If I offered you one cookie now or two cookies tomorrow, what would you choose?
It’s a simple question, not all that important and the stakes are not all that high. Let me add another layer to it though. Perhaps you are really good at fixing cars and driving race cars, and you love both. I offer you $80,000 to fix cars for me. There is just one caveat: you cannot drive the race cars. You have to commit to fixing my cars. Now what do you do?
“Bo Knows.” That’s it.
If you do not know who Bo Jackson is, I would recommend you look him up. I am by no means a sports follower (in football and baseball, I usually refer to teams by their logos because I do not know the cities they represent). But I can recognize a man who not only has worked hard for his own skills and abilities, but who can perceive his own value and build it through sacrificing immediate gain for a future good.
Bo Jackson is arguably the single greatest professional athlete ever to have lived. Bo was a dual sport athlete as a professional. He was also the only athlete in history to be named All-Star in both baseball and football. At McAdory High School in McCalla, Alabama, he drove forward in track and field, baseball, and football. He won two state decathlon titles, throwing multiple no-hitters for the baseball team, and playing nearly every snap on offense and defense for the football team, in addition to handling all kicking duties.
He was drafted by the New York Yankees out of high school, but he instead decided to attend Auburn University. Jackson lettered in all three sports at Auburn, but he made his largest rumble on the football field, where he was twice named a consensus All-American running back (1983 and 1985) and won the 1985 Heisman Trophy after rushing for 1,786 yards and 17 touchdowns. From his incredible sports career in college, Bo soon became a primary candidate for the 1986 NFL Draft. He was the first draft pick by the Tampa Bay Buccaneers. But…he refused. He refused $7 million dollars offered to him in various forms.
He refused Tampa Bay and played for the Kansas City royals (get this) for only $1 million. Why? Why in the dear heavens did this incredible athlete not take that huge sum of money? Well, he found out that he would not be able to finish his baseball season at Auburn. He also heard how the Tampa coach treated his players with disrespect. Furthermore, he realized his value. He was not about to give up something he loved because of a hidden technicality, about which Tampa misled Bo.
Bo sacrificed the immediate satisfaction for his pride, his value, and his convictions. Having held onto what he believed about himself and respect for others, Bo looked for value to come. And he got it. He played on the Royals in the years to come and the Raiders. He also played partial seasons for the Chicago White Socks and the California Angels. He scored sponsorships and contracts with Nike starting the famous “Bo Knows” ad campaign. To this day he has a net worth of over $16 million.
Here is the meat of it. Bo sacrificed for what he loved and BUILT his value because of it. Present goods were forgone in anticipation for future good. He took the two cookies tomorrow.
Jordan Peterson says in his book 12 Rules for Living that, “We [our ancestors] thought it over, and drew a conclusion: The successful among us delay gratification” (169). He is speaking of the pushing off of an immediate good for a future, greater good. “Bo Knows”. And again Peterson says, “The successful sacrifice” (169).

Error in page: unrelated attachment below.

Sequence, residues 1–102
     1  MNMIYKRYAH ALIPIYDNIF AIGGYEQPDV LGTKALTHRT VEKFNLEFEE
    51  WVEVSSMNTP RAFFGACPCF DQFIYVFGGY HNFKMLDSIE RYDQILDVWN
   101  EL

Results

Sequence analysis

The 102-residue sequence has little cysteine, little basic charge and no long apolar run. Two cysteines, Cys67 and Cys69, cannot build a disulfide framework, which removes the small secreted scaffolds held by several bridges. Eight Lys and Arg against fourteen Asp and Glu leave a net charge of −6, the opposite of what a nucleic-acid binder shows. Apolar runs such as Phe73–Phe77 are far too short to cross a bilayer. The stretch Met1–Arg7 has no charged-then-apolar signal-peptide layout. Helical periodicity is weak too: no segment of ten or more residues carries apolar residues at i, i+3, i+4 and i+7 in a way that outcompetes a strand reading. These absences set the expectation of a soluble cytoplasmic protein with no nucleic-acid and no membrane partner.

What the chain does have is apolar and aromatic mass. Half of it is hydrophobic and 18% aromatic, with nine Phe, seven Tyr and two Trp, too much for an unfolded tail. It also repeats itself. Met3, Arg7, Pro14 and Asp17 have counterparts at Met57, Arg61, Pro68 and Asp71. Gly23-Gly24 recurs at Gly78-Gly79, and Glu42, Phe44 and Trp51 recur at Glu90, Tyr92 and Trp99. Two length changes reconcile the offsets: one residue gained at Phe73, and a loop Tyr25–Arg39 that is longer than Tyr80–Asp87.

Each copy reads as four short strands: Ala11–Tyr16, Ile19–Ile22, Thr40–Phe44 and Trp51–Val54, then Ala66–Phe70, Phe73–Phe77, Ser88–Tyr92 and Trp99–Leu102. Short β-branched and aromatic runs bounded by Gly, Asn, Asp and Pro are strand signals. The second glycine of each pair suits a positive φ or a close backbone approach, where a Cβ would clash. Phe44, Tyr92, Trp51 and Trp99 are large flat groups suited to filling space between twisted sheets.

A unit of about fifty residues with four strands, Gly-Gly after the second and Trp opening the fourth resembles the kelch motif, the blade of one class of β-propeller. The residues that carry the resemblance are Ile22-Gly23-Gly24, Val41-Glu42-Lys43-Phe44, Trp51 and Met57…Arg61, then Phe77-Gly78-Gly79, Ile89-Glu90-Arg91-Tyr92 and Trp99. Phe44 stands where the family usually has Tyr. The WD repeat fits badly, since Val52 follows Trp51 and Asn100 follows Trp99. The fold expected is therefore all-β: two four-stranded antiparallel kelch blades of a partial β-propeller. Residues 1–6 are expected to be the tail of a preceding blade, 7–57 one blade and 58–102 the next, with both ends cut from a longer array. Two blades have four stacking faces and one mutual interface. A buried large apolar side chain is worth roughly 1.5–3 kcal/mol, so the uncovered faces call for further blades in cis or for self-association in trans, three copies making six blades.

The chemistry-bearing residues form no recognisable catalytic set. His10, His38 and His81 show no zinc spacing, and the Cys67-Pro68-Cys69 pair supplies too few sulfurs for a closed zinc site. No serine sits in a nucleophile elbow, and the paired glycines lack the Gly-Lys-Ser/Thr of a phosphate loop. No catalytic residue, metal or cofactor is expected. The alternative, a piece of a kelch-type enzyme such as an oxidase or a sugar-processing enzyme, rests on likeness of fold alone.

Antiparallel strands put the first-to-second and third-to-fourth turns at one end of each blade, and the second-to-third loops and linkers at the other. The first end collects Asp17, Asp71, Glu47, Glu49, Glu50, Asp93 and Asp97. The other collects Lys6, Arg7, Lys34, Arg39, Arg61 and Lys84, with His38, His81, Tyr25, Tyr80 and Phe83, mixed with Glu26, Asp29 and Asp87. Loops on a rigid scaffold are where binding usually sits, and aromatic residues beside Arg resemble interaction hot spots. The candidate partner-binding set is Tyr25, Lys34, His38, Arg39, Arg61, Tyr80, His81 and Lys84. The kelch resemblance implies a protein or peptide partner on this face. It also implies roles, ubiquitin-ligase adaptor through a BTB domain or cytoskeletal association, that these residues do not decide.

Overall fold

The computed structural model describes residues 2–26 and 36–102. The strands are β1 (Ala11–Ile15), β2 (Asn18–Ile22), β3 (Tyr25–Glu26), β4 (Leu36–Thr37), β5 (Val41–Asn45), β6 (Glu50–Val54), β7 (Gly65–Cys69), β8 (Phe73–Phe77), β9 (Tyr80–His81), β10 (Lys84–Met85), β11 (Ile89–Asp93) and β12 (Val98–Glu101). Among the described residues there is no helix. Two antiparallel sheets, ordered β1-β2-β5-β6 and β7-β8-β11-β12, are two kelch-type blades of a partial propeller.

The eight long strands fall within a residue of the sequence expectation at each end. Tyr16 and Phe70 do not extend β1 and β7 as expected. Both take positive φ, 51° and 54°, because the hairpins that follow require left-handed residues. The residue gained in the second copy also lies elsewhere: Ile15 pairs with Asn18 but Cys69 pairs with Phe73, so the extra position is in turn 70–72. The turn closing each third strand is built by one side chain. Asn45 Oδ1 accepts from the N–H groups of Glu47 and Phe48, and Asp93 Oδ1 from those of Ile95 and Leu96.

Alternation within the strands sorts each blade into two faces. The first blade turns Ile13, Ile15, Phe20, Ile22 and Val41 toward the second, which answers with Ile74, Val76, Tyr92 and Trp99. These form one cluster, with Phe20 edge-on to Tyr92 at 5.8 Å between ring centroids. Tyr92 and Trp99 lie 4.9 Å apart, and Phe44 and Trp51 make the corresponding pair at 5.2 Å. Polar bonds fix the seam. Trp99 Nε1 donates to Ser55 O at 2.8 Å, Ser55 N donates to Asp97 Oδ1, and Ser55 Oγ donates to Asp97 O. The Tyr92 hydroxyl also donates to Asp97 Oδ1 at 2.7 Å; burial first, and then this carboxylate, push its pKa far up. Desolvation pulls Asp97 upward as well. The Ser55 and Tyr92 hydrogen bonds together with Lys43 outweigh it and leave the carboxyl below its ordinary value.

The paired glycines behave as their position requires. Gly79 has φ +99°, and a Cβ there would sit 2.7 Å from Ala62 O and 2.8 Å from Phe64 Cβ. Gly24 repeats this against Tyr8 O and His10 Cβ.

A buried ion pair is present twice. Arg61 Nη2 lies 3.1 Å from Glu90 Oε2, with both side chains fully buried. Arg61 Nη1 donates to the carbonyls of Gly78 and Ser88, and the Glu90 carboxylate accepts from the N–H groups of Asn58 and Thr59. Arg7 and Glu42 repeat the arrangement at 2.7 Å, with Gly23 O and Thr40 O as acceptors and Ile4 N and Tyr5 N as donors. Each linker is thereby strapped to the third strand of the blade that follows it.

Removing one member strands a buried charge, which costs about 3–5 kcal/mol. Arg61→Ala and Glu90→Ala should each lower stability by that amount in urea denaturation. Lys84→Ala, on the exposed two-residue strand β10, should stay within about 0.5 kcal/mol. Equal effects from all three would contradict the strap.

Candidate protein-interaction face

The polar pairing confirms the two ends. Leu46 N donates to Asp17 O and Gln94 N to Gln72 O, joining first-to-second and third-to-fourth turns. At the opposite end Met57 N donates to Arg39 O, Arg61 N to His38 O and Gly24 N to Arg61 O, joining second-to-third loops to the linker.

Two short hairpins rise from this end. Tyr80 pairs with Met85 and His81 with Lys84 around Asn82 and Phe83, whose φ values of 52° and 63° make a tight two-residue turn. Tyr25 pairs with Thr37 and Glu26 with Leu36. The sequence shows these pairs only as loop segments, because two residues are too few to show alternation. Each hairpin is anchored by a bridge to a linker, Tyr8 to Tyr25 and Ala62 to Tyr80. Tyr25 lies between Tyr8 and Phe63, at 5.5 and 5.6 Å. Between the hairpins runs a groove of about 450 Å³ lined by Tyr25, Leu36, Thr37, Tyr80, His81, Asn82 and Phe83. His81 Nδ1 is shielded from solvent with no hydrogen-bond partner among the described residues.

Why can we not learn from Bo? Why can we not put off the things that will immediately gratify us for the things that will truly satisfy us? It is the age—old question, of course.
Sacrifice is simple. As a young Catholic, I often feel like the idea of sacrifice is only a spiritual idea. It is spiritual, but it is also natural. It’s a concrete thing we can do every time we put aside a couple dollars. We sacrifice when we go to school in hopes of finding future employment. We sacrifice when we workout for a healthy (and, hopefully, good looking) body.
I can at least speak for myself when I say that I am constantly missing out on opportunities to sacrifice the present good for a future greater good. It is time to stand up. It does not take a monolithic effort. Persistence and looking for better opportunities and greater value are all that is required. It is no longer the time to guzzle candy like a child. It is the time to sacrifice like a man.
I am certainly not saying that everyone has the same incredible talents as Bo! Of course we do not. We have something far greater as Catholics. Spiritually speaking, we are all required to be the Bo Jackson and sacrifice the present yummy, feely, gushy, goody things for the hard road and difficult to see Reward. We have the power of God.
Go further into the worldly life we live and look if you are pushing off the present good for the future satisfaction. We do not need to have superior athletic abilities or have great talents to be seekers of the greater future goods. Save money. Put aside a few dollars every week. “But I want a new TV!” “But I want to go out to eat…again.” Be Bo. Go to the gym. Take that run even when the satisfaction of watching another thirty episodes of Netflix shows is just around the corner in the living room…*cough* The Office *cough*. Study when hear the rest of the group leave to go out.
Bo Jackson is a worldly example, but he is certainly a good one. Ladies and gentlemen, Bo did it. He did what we could all be doing. Save and be saved. Look for the future, greater goods. It will be worth it. Why? Bo did it, and “Bo Knows”.